Monday, February 1, 2010

Too many roads in Minnesota

As many of you know, who have been following my blog, I relocated over a year ago to the Twin Cities. I will say it was a great decision and I haven't regretted it at all. Transportation planning, in the Twin Cities, the region, and the state is something of a mystery to me. We have way too many roads and way too many expressways in the Twin Cities region and state. During rush hour the expressway gets congested and it is actually safer and faster to take the regular roads. That seems to be a major indication that something isn't working right.

In many ways some of the expressways function very well for those that need to commute from farther distances (yes, we love our sprawl), but one thing has been bothering me since I moved: Minnesota simply has too many road for it's population. Think about it for a second. MN's population hovers around 6 million. The problem is population wise we are number 21 on the list and our metro region is only 3.1 million, almost the entire population of Chicago. Why is it that we have the 5th largest network of roads?

So this story from MPR struck a cord with me the other morning:

For more than 60 years Minnesotan's interested in new roads and bridges have operated on a generally safe assumption. Make your case, wait your turn, maybe five, ten or even twenty years, and eventually the state will smile on your project and it will be built.

The result is Minnesota has the country's fifth largest network of roads - 152,000 miles - with more than 25,000 bridges.

As long as ten years ago, and much more intensely the past two years, the new reality dawned. There isn't enough money to build everything on everybody's list of transportation needs.

More seriously, there isn't even enough money to maintain everything that's been built.
Wow, not sure how this anomaly in the upper Midwest happened. We have less population in the entire state than some of our largest cities, but Minnesota ranks 5th for the most roads.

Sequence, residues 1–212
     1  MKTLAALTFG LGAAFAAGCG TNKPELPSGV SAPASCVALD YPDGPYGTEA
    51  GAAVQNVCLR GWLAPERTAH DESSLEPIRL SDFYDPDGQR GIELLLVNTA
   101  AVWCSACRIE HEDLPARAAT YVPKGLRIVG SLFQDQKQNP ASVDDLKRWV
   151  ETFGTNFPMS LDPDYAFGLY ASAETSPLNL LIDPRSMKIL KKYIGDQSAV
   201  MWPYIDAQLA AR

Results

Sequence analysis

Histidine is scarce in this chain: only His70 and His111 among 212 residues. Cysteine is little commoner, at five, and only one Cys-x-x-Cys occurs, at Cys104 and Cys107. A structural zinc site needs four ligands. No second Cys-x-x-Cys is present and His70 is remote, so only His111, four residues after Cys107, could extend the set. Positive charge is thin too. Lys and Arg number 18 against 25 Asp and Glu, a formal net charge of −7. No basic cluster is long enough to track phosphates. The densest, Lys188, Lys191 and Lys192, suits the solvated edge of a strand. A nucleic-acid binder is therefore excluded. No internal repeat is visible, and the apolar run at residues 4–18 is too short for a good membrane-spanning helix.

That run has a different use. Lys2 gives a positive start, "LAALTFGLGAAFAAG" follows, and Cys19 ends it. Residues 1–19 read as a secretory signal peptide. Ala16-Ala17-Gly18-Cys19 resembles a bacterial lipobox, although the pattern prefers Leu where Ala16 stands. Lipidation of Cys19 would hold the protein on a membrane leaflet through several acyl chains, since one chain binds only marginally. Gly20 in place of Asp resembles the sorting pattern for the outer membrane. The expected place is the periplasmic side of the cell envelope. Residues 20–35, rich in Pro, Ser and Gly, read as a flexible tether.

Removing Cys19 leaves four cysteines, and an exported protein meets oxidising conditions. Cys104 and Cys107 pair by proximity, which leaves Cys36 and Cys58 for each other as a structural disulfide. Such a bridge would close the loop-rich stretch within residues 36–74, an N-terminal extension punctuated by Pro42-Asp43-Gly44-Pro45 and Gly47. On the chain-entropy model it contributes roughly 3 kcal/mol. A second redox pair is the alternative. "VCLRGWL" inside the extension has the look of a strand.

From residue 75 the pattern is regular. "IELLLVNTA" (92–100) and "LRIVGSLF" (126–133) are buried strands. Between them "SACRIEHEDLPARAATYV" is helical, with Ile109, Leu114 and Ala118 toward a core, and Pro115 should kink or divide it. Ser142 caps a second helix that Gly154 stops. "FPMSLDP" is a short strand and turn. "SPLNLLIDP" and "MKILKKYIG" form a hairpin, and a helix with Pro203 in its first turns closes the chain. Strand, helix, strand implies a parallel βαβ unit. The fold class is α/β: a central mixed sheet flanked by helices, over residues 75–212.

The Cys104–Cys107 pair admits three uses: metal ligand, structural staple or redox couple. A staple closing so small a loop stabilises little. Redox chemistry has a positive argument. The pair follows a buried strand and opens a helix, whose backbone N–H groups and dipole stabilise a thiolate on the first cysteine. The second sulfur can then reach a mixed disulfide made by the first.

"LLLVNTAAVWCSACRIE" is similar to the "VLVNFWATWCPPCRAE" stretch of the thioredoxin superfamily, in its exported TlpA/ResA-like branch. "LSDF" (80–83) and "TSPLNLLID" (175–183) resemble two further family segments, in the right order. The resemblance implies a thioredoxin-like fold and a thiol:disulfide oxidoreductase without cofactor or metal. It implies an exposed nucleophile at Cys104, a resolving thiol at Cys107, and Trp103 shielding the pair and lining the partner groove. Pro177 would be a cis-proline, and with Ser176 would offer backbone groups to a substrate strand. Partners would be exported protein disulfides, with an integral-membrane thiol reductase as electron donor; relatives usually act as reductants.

Metropolitan council director of transportation services Arlene McCarthy said meeting everyone's needs would require a big gas increase.

"Some of our estimates indicate if we were to do that it would be equivalent to a $2 increase in gas tax, which I think most people would agree is unrealistic," McCarthy said.

A shortage of money for transportation will likely influence one of the state's most pervasive trends. Cheap gas and good roads have allowed people to live nearly anywhere they want.

My other issue is they refer to this as transportation = more roads. MPR and Minnesota need to join the rest of the world, not necessarily the US, in what is a transportation revolution. BRT, heavy rail, light rail, high speed rail, street cars, and serious bike networks seem to be the way other countries are dealing with the transportation problem, not moaning that the funds aren't there for projects that should not even been approved in the first place some 20 years ago.

1 comment:

Anonymous said...

fascinating. thanks for shedding light on this. all the rest of the country hears about are those poor Minnesotans and their breaking bridges. Seems like too much steel and concrete have been wasted on paving out the land o' lakes.